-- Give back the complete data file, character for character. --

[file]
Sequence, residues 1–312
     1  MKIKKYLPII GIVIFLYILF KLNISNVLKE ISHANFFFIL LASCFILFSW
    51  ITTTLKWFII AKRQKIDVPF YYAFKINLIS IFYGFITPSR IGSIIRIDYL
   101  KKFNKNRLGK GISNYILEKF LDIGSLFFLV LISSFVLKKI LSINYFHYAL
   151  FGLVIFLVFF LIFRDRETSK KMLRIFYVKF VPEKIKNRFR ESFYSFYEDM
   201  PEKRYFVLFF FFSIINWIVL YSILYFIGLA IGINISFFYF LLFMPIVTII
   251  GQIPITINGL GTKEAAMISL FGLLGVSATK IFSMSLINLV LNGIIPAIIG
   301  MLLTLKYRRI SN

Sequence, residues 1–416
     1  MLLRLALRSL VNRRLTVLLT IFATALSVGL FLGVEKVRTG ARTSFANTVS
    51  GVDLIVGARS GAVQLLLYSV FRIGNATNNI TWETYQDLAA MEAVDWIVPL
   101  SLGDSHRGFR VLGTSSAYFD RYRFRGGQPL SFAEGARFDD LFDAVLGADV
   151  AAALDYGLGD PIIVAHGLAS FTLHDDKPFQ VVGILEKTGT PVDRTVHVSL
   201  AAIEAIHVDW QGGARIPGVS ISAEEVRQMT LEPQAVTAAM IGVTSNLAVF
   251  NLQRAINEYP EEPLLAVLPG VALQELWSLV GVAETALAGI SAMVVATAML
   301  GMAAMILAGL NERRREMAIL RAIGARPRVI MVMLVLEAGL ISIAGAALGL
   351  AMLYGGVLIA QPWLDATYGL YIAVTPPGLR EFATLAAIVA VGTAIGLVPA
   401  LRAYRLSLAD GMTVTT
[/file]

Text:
Sequence, residues 1–312
     1  MKIKKYLPII GIVIFLYILF KLNISNVLKE ISHANFFFIL LASCFILFSW
    51  ITTTLKWFII AKRQKIDVPF YYAFKINLIS IFYGFITPSR IGSIIRIDYL
   101  KKFNKNRLGK GISNYILEKF LDIGSLFFLV LISSFVLKKI LSINYFHYAL
   151  FGLVIFLVFF LIFRDRETSK KMLRIFYVKF VPEKIKNRFR ESFYSFYEDM
   201  PEKRYFVLFF FFSIINWIVL YSILYFIGLA IGINISFFYF LLFMPIVTII
   251  GQIPITINGL GTKEAAMISL FGLLGVSATK IFSMSLINLV LNGIIPAIIG
   301  MLLTLKYRRI SN

Sequence, residues 1–416
     1  MLLRLALRSL VNRRLTVLLT IFATALSVGL FLGVEKVRTG ARTSFANTVS
    51  GVDLIVGARS GAVQLLLYSV FRIGNATNNI TWETYQDLAA MEAVDWIVPL
   101  SLGDSHRGFR VLGTSSAYFD RYRFRGGQPL SFAEGARFDD LFDAVLGADV
   151  AAALDYGLGD PIIVAHGLAS FTLHDDKPFQ VVGILEKTGT PVDRTVHVSL
   201  AAIEAIHVDW QGGARIPGVS ISAEEVRQMT LEPQAVTAAM IGVTSNLAVF
   251  NLQRAINEYP EEPLLAVLPG VALQELWSLV GVAETALAGI SAMVVATAML
   301  GMAAMILAGL NERRREMAIL RAIGARPRVI MVMLVLEAGL ISIAGAALGL
   351  AMLYGGVLIA QPWLDATYGL YIAVTPPGLR EFATLAAIVA VGTAIGLVPA
   401  LRAYRLSLAD GMTVTT